At the last minute, I decided to include a bunch of success stories, as the only reference points for a lot of people were Hocking, Konrath, and Locke. While their success was inspiring to me, others dismissed them as anomalies. I knew from hanging out on Kindle Boards that the level of success was far deeper and wider than those three writers, and I was surprised and delighted when 33 successful self-publishers agreed to contribute.
I think their contributions really made the book, and I am eternally grateful that they took the time out of their busy schedules to share their journeys.
After some expert last-minute proofing, I released it at the end of July and, with the help of my contributors and regular blog readers, we really made some noise. The book almost cracked the Top 1000, on two separate sorties, and I made back the $1,000 I spent on publishing it in just over a month.
I also made the PDF version a free download on this site. The popularity of that on launch day managed to crash WordPress! I was completely oblivious, asleep in bed after being up for 24 hours straight preparing for launch day.
When I woke, I put the PDF up on Scribd to ease some of the pressure, and between the two, it has been downloaded nearly 4,000 times (in addition to well over 800 paid sales and nearly $200 in donations for the free download).
And those are just the downloads I can track. As the PDF was released under a Creative Commons License, people are free to print, copy, share, and email the book to friends. They can even put it up on their own site for download (as long as they don’t try and charge for it). So it’s probably spread a good deal wider than that.
One huge factor in that successful launch was getting 20 digital ARCs in the hands of reviewers who had agreed to post when the book went live – something I will be hoping to repeat for future releases.
The response has been extremely gratifying – 61 reviews on Amazon US/UK, 57 of which are five stars, and one reviewer even burst into song. That’s going to take a lot of beating.
August was spent catching up on real life stuff, guest post commitments, promoting Let’s Get Digital, and teasing out some short story ideas which led nowhere (so far). When I got back from holidays in mid-September, I threw myself into – finally – preparing A Storm Hits Valparaíso for release.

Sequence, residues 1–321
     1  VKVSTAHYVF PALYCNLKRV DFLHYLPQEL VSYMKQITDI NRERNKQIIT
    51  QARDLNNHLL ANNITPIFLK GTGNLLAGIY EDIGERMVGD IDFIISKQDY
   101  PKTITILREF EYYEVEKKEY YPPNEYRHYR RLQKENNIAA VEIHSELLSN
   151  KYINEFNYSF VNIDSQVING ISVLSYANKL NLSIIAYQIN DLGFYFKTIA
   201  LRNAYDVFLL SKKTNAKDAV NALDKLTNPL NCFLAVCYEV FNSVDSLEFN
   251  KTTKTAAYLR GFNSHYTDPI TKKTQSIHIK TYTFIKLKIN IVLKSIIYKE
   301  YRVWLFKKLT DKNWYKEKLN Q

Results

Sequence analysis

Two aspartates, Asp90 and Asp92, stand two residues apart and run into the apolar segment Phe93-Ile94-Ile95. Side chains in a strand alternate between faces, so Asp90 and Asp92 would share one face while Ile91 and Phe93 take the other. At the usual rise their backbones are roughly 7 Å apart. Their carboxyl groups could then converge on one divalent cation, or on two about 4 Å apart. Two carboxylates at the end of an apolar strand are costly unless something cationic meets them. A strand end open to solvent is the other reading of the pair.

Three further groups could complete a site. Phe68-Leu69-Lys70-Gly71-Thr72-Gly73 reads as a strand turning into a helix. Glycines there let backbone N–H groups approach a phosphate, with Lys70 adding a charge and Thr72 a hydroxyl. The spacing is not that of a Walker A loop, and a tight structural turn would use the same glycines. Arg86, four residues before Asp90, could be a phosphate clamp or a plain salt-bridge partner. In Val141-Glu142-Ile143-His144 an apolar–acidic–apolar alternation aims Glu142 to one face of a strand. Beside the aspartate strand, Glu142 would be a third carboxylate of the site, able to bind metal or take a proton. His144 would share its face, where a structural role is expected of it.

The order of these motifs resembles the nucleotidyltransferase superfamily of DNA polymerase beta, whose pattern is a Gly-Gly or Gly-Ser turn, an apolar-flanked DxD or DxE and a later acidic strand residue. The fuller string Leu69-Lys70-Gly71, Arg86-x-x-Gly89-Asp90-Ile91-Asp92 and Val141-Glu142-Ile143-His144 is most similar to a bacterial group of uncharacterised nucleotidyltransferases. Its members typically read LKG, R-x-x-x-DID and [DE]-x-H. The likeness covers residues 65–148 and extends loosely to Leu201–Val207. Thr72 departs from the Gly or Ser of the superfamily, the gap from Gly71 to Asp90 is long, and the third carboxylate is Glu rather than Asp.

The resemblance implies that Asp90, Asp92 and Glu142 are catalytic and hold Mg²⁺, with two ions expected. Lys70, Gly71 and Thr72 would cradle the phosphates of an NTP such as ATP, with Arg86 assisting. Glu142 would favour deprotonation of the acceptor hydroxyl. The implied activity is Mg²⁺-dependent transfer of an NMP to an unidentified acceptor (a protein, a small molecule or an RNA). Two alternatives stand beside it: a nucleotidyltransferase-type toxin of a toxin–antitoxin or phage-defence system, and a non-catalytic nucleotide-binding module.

That was a real struggle at the start, but I have broken the back of it now, and it will be in my editor’s hands by the end of the month.
Overall, I couldn’t be happier with my first six months. I’ve released three titles, sold almost 1,200 books, and earned around $2,000 (around half that after costs). I would have preferred if I had released A Storm Hits Valparaíso already, but new projects and commitments outside of writing got in the way.
I’ve made a lot of friends and connections, and I have learned so much. My self-publishing experience couldn’t be more positive and I am really excited about the next six months.
That should see the release of the French and Spanish versions of Let’s Get Digital, and possibly a German edition if I can find a translator willing to work under a profit-sharing model. Also, my novel will finally be published – which I also plan to get translated, especially into Spanish, given the setting. I first started working on that book in 2006. Needless to say, I’m looking forward to crossing the finish line.
I have a second novel which I started earlier this year - set in 1900s New Orleans and Honduras – that I am dying to get back to, as well as a dystopian novella centered around a sick, twisted version of Big Brother which is going to be a huge amount of fun to write. I hope to release both of those over the next six months, as well as more shorts.
These sales reports/reviews are not intended as a trumpet-blowing exercise. There are many, many people selling lots more books than me – plenty who started after me too. But I know I’ve always found these kinds of things useful (especially when I was just starting out), and I hope it serves the same purpose for others.
I suppose I better get back to work (writing). Thank you to everyone who has bought a copy of my books, especially those who have taken the time to review them and spread the word.
This has been a blast!